The government argues that this workforce is key to the social fabric and is correspondingly investing large amounts of money in its development. Careers workers clearly have something to offer to this kind of initiative. The children’s workforce is so complex that people are likely to need some IAG type support in order to maximise their ability to navigate through it. While the current workforce development agenda asks us to consider the children’s workforce as a single workforce there are likely to continue to be high levels of diversity within it in terms of qualification, pay, conditions, employers etc. Government policy does not attempt to homogenise this workforce, but rather to make it connect better and to enable cross agency etc working to flourish. An important element of this is to develop a common core of skills and knowledge, but an equally important element must be to create dynamic careers within the sector that act as ways to transfer knowledge, skills and contacts from one section of the workforce to another.

Ultimately I feel that careers professionals have a lot to offer in the area of workforce development. All too often we are focused on the issue of transition (school to work, job to job) between institutions rather than transition within institutions (dealing with change, managing advancement). We should be assertive in arguing that this is also a legitimate place for us to be active in supporting career learning.

3 comments

  1. HiI think you’re right that careers advice professionals have something to add to this debate, but we do need to expand our horizons beyond just thinking about ‘transition between’ and start to engage more with ‘transition within’. This latter is often seen as the province of coaches, trainers and HR professionals. However, having been involved in more continuing professional development activities through our consultancy work, it has become clear that I am using the same skills and dealing with the same concepts as I do in my careers advice work – I’m just using a slightly different vocabulary.Your discussion of the accumulation and transfer of knowledge within the workforce brought to mind the idea of careers as a repository of knowledge as proposed by <a href="http://books.google.co.uk/books?id=yona3e7k5GIC&lpg=PP1&pg=PA150#v=onepage&q=&f=false">Allan Bird (1996)</a>.David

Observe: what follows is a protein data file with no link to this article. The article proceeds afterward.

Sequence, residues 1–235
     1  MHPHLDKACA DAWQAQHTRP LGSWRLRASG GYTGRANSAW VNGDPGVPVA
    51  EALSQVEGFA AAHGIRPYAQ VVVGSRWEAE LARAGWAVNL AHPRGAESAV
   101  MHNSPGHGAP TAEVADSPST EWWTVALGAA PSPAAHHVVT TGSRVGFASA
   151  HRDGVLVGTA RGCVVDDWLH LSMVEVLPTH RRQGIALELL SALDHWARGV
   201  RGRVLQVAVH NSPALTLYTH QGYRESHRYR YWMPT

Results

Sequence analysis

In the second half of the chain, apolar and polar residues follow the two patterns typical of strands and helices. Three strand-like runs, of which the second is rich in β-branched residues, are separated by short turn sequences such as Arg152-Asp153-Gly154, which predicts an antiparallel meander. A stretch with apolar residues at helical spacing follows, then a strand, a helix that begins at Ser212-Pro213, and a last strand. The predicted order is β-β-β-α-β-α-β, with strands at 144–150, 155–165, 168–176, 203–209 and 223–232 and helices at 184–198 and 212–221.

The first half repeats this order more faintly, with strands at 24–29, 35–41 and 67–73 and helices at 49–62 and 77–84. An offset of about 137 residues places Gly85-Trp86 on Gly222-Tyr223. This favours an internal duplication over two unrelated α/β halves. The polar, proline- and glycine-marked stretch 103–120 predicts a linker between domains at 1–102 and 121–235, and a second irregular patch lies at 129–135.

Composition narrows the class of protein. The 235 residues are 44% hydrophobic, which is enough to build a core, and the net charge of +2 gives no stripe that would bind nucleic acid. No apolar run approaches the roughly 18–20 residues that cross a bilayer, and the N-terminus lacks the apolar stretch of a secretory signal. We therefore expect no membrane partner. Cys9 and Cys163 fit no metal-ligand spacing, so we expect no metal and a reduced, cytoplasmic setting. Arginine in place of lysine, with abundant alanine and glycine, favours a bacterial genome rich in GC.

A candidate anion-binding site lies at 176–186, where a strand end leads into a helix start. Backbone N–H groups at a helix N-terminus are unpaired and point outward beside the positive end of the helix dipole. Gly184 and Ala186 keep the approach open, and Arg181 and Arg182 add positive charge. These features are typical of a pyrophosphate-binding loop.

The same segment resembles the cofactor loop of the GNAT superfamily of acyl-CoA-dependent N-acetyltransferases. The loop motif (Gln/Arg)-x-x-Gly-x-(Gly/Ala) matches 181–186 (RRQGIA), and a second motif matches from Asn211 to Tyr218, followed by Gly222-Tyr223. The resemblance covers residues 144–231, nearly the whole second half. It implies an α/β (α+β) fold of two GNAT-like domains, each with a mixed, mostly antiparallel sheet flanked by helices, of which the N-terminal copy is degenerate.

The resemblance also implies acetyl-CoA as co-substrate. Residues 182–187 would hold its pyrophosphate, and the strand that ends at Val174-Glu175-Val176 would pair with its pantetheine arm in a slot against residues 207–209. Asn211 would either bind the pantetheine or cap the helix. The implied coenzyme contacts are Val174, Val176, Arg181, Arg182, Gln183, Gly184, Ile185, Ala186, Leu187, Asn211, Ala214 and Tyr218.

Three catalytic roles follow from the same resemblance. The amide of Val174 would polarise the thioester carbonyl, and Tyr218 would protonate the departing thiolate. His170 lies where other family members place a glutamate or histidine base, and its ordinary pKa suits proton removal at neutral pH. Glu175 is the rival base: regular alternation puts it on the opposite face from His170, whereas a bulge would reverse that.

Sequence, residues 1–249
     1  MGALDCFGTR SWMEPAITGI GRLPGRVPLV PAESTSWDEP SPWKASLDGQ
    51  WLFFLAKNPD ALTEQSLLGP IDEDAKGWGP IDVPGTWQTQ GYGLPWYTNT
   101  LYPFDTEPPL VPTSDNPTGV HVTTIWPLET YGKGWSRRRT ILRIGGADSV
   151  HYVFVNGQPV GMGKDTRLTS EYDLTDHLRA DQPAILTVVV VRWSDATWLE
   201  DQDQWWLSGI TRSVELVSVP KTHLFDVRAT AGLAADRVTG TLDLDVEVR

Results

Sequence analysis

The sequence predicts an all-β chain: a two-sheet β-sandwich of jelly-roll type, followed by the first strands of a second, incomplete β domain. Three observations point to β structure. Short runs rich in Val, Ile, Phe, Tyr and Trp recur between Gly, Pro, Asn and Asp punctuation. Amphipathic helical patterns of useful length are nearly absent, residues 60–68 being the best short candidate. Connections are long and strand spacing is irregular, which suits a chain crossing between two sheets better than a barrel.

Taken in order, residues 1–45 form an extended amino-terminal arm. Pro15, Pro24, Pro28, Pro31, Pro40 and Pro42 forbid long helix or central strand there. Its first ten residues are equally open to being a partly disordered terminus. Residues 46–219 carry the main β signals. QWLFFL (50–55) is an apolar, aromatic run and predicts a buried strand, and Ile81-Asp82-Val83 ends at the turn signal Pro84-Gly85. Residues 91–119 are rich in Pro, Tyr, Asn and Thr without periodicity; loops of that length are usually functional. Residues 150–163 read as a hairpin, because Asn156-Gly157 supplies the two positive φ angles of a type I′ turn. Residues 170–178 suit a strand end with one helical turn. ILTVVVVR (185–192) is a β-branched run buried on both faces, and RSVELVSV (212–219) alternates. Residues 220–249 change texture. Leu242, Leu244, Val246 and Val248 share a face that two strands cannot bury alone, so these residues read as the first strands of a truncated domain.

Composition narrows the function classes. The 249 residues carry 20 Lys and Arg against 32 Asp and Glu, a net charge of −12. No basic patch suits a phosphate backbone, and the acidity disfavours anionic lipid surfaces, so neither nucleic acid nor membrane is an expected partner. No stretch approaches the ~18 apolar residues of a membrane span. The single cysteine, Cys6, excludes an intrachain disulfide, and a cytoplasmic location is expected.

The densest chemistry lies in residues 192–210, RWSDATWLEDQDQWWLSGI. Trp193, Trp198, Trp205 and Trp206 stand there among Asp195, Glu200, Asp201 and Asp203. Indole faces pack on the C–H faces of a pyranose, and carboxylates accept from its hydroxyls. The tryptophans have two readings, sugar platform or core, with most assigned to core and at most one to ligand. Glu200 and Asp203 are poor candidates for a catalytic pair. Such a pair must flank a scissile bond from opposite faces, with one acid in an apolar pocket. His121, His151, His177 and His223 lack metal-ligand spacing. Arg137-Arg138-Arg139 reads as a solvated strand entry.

2. Thanks for the link to Allan Bird. The book looks interesting – I’ve ordered on Amazon.I think that you are absolutely right – the skills involved in careers advice that focus on transition between are very similar to those that focus on transition within. What is more most people pursue most of their career within an employment context. They generally have very limited options to engage with formal careers advice in this setting and take their IAG from managers, HR etc etc. We don’t necessarily need to be attempting to colonise this space to have something to offer to it. There is a value on trying to build more dialogue between careers advisers and related professionals such as HR.

  3. Given the current employment environment, community colleges and other post-secondary institutions are being called upon to play an even greater role in helping young adults gain the skills needed to qualify for work. A new report from Workforce Strategy Center (WSC) and funded by the Bill & Melinda Gates Foundation titled ???Employers, Low-Income Young Adults and Postsecondary Credentials,??? highlights programs in 14 communities that are successfully addressing the challenge of providing disadvantaged young adults with the technical and postsecondary education that may qualify them for skilled positions. For the full report visit http://www.workforcestrategy.org.